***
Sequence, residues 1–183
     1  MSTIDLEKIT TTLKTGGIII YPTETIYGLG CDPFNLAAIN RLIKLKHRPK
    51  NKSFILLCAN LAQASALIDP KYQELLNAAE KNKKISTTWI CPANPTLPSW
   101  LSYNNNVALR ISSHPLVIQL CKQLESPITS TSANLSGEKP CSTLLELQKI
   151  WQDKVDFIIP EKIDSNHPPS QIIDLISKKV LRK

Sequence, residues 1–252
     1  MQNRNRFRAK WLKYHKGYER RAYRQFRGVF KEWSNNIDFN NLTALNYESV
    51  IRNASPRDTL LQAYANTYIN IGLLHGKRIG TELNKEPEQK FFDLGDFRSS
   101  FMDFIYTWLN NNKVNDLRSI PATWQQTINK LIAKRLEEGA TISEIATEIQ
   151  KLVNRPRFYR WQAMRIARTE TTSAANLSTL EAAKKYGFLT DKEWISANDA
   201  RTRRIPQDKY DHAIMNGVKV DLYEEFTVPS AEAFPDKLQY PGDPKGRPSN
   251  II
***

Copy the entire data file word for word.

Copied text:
Sequence, residues 1–183
     1  MSTIDLEKIT TTLKTGGIII YPTETIYGLG CDPFNLAAIN RLIKLKHRPK
    51  NKSFILLCAN LAQASALIDP KYQELLNAAE KNKKISTTWI CPANPTLPSW
   101  LSYNNNVALR ISSHPLVIQL CKQLESPITS TSANLSGEKP CSTLLELQKI
   151  WQDKVDFIIP EKIDSNHPPS QIIDLISKKV LRK

Sequence, residues 1–252
     1  MQNRNRFRAK WLKYHKGYER RAYRQFRGVF KEWSNNIDFN NLTALNYESV
    51  IRNASPRDTL LQAYANTYIN IGLLHGKRIG TELNKEPEQK FFDLGDFRSS
   101  FMDFIYTWLN NNKVNDLRSI PATWQQTINK LIAKRLEEGA TISEIATEIQ
   151  KLVNRPRFYR WQAMRIARTE TTSAANLSTL EAAKKYGFLT DKEWISANDA
   201  RTRRIPQDKY DHAIMNGVKV DLYEEFTVPS AEAFPDKLQY PGDPKGRPSN
   251  II